same site, an almost doubled exposure was seen with a 14 day rest period.
For this reason, rotation of application sites is recommended, and a new
patch should not be applied to the same skin site for 3-4 weeks.
In a study of healthy subjects, application of a heating pad directly on the
transdermal patch caused a transient 26 - 55% increase in blood
concentrations of buprenorphine. Concentrations returned to normal within
5 hours after the heat was removed. For this reason, applying direct heat
sources such as hot water bottles, heat pads or electric blankets directly to
the patch is not recommended. A heating pad applied to a buprenorphine
site immediately after patch removal did not alter absorption from the skin
depot.
Distribution:
Buprenorphine is approximately 96% bound to plasma proteins.
Studies of intravenous buprenorphine have shown a large volume of
distribution, implying extensive distribution of buprenorphine. In a study of
intravenous buprenorphine in healthy subjects, the volume of distribution at
steady state was 430 l, reflecting the large volume of distribution and
lipophilicity of the active substance.
Following intravenous administration, buprenorphine and its metabolites
are secreted into bile, and within several minutes, distributed into the
cerebrospinal fluid. Buprenorphine concentrations in the cerebrospinal fluid
appear to be approximately 15% to 25% of concurrent plasma
concentrations.
Biotransformation and elimination:
Buprenorphine metabolism in the skin following buprenorphine application
is negligible. Following transdermal application, buprenorphine is
eliminated via hepatic metabolism, with subsequent biliary excretion and
renal excretion of soluble metabolites. Hepatic metabolism, through
CYP3A4 and UGT1A1/1A3 enzymes, results in two primary metabolites,
norbuprenorphine and buprenorphine 3-O-glucuronide, respectively.
Norbuprenorphine is glucuronidated before elimination. Buprenorphine is
also eliminated in the faeces. In a study in post-operative patients, the total
elimination of buprenorphine was shown to be approximately 551/h.
Norbuprenorphine is the only known active metabolite of buprenorphine.
Effect of buprenorphine on the pharmacokinetics of other active
substances:
Based on in vitro studies in human microsomes and hepatocytes,
buprenorphine does not have the potential to inhibit metabolism catalysed
by the CYP450 enzymes CYP1A2, CYP2A6 and CYP3A4 at
concentrations obtained with use of buprenorphine 20μg/h transdermal
patch. The effect on metabolism catalysed by CYP2C8, CYP2C9 and

CYP2C19 has not been studied.

5.3

Preclinical safety data
Systemic toxicity and dermal toxicity
In single- and repeat-dose toxicity studies in rats, rabbits, guinea pigs, dogs
and minipigs, buprenorphine caused minimal or no adverse systemic
events, whereas skin irritation was observed in all species examined.
Toxicological data available did not indicate a sensitising potential of the
additives of the transdermal patches.
Reproductive and developmental toxicity
No effect on fertility or general reproductive performance was observed in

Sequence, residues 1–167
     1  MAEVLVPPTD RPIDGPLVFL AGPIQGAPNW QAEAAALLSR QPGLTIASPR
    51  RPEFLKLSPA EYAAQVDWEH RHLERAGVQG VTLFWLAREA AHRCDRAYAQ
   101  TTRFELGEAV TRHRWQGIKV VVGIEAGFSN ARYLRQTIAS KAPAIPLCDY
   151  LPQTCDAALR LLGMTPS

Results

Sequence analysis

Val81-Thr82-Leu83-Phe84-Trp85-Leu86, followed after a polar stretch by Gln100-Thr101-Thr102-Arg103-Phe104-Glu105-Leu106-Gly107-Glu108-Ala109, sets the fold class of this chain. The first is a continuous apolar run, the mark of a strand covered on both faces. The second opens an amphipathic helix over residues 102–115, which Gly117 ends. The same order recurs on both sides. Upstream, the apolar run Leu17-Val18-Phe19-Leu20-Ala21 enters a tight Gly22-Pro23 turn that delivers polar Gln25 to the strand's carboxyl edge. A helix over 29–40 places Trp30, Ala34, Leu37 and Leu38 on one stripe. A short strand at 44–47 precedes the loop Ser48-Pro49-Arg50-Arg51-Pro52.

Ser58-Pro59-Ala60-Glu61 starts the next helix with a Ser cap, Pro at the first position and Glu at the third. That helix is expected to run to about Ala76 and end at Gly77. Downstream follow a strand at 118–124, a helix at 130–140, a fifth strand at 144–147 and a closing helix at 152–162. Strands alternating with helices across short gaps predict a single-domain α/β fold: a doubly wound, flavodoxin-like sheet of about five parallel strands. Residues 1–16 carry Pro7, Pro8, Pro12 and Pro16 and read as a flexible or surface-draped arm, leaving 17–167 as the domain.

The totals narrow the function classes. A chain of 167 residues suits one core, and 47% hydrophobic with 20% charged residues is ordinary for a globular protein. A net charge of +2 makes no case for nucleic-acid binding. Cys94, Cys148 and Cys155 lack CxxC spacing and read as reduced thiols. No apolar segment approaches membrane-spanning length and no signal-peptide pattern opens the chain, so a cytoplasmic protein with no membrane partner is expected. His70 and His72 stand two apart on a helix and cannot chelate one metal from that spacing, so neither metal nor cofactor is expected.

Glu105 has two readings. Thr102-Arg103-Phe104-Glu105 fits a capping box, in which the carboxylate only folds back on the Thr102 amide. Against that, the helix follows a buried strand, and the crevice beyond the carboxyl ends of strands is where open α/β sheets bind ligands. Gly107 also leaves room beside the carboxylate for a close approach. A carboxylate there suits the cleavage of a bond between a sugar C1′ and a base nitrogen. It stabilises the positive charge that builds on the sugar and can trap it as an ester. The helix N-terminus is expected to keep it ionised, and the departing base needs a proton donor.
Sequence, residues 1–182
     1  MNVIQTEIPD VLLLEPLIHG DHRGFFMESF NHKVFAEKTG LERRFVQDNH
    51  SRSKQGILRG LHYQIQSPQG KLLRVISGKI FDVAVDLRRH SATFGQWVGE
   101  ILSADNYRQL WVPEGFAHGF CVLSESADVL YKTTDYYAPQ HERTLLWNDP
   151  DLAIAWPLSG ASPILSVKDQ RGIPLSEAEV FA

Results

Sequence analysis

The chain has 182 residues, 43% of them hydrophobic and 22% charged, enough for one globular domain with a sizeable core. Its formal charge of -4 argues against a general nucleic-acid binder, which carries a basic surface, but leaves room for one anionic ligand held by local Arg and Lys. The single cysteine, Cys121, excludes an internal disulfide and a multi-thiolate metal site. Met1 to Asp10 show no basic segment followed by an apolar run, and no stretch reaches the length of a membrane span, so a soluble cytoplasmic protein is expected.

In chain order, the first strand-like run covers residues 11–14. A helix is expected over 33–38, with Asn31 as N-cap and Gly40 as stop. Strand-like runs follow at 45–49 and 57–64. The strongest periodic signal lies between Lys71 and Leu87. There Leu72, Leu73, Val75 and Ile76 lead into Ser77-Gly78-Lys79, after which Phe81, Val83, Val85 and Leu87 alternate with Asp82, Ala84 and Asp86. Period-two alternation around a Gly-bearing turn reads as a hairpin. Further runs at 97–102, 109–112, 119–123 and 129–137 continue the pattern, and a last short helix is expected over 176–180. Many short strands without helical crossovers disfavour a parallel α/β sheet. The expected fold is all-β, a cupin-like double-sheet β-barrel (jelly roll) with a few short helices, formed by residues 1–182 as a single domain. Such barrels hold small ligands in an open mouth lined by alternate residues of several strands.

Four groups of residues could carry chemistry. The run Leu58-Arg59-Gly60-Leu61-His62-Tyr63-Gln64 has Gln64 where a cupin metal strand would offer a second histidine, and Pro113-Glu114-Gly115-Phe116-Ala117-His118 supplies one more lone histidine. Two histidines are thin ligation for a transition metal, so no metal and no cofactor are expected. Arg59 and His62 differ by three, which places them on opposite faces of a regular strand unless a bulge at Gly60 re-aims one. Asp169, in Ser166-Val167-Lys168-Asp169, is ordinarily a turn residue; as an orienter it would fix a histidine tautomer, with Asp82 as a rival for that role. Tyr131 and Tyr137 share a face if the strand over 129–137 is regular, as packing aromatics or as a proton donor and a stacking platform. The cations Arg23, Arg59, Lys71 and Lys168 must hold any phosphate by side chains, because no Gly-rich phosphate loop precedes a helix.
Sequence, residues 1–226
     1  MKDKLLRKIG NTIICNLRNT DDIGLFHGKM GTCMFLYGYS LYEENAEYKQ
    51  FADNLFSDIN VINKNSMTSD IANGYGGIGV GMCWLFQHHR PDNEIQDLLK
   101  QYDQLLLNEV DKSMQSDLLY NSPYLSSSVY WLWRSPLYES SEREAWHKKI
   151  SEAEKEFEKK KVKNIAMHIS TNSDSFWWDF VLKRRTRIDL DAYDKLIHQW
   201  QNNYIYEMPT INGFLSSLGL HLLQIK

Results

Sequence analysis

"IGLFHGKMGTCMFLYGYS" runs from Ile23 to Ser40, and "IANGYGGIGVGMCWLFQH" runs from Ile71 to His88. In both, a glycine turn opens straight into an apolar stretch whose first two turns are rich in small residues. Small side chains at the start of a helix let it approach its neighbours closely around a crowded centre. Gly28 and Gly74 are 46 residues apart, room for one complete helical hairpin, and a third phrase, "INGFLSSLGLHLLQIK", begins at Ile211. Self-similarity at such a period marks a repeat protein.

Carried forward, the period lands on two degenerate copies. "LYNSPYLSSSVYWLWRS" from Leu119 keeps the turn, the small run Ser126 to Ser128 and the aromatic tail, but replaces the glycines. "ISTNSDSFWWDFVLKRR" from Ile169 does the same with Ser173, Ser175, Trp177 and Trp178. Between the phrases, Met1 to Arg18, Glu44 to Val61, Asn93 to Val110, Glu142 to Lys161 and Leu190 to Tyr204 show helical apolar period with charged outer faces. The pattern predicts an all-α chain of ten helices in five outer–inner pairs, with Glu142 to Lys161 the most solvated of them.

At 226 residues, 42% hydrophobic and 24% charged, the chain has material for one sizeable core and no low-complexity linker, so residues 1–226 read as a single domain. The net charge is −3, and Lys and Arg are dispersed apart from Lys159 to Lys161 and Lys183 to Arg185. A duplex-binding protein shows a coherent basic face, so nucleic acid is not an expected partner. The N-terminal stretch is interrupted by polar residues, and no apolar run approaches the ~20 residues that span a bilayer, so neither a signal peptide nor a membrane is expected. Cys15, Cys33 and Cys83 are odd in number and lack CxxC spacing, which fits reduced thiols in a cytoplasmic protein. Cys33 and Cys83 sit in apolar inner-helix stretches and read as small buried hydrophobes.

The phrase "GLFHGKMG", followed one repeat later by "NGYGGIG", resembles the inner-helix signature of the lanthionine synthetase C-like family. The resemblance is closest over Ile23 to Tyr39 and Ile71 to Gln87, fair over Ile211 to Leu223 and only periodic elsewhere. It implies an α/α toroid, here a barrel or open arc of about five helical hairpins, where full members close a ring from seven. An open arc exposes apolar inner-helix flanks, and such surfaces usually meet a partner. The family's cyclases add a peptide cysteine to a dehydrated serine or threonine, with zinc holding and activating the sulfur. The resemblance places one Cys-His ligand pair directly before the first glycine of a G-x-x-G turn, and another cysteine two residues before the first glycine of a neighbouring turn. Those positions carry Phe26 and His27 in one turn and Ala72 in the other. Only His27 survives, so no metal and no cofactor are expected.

rats treated with buprenorphine.
In embryofoetal developmental toxicity studies conducted in rats and
rabbits using buprenorphine, no embryofoetal toxicity effects were
observed. In a rat pre- and post-natal developmental toxicity study with
buprenorphine there was pup mortality, decreased pup body weight and
concomitant maternal reduced food consumption and clinical signs.
Genotoxicity
A standard battery of genotoxicity tests indicated that buprenorphine is
non-genotoxic.
Carcinogenicity
In long-term studies in rats and mice there was no evidence of any
carcinogenic potential relevant for humans.

6

PHARMACEUTICAL PARTICULARS

6.1

List of excipients
Adhesive matrix
(containing buprenorphine):
povidone K90
levulinic acid
oleyl oleate
Poly[acrylic acid-co-butylacrylate-co-(2-ethylhexyl)acrylate-covinylacetate] (5:15:75:5)
Adhesive matrix
(without
buprenorphine):
Poly[(2-ethylhexyl)acrylate-co-glycidylmethacrylat-co-(2hydroxyethyl)acrylate-co-vinylacetate] (68:0,15:5;27)
Separating foil between adhesive matrices with and without buprenorphine:
poly(ethylene therephthalate)

Backing foil: polyester
Release liner: poly(ethylene therephthalate), siliconised
blue printing ink
6.2

Incompatibilities
Not applicable

6.3

Shelf life
21 months

6.4

Special precautions for storage
Do not store above 25°C.

6.5

Nature and contents of container
Each child-proof sachet is made of a composite layer material consisting of
Paper/ PET/ PE/ Aluminium/ Poly(acrylic acid-co-ethylene). One sachet
contains one transdermal patch.
Pack sizes:
Packs containing 1, 2, 3, 4, 5, 8, 10 or 12 individually sealed transdermal
patches.
Not all pack sizes may be marketed.

6.6

Special precautions for disposal
When changing the patch, the used patch should be removed, the adhesive
layer folded inwards on itself, and the patch disposed of safely.

7

MARKETING AUTHORISATION HOLDER
TEVA UK Limited
Brampton Road,
Hampden Park,
Eastbourne,
East Sussex BN22 9AG
UNITED KINGDOM

8

MARKETING AUTHORISATION NUMBER(S)
PL 00289/2023

9

DATE OF FIRST AUTHORISATION/RENEWAL OF THE
AUTHORISATION
13/10/2016

10

DATE OF REVISION OF THE TEXT
13/10/2016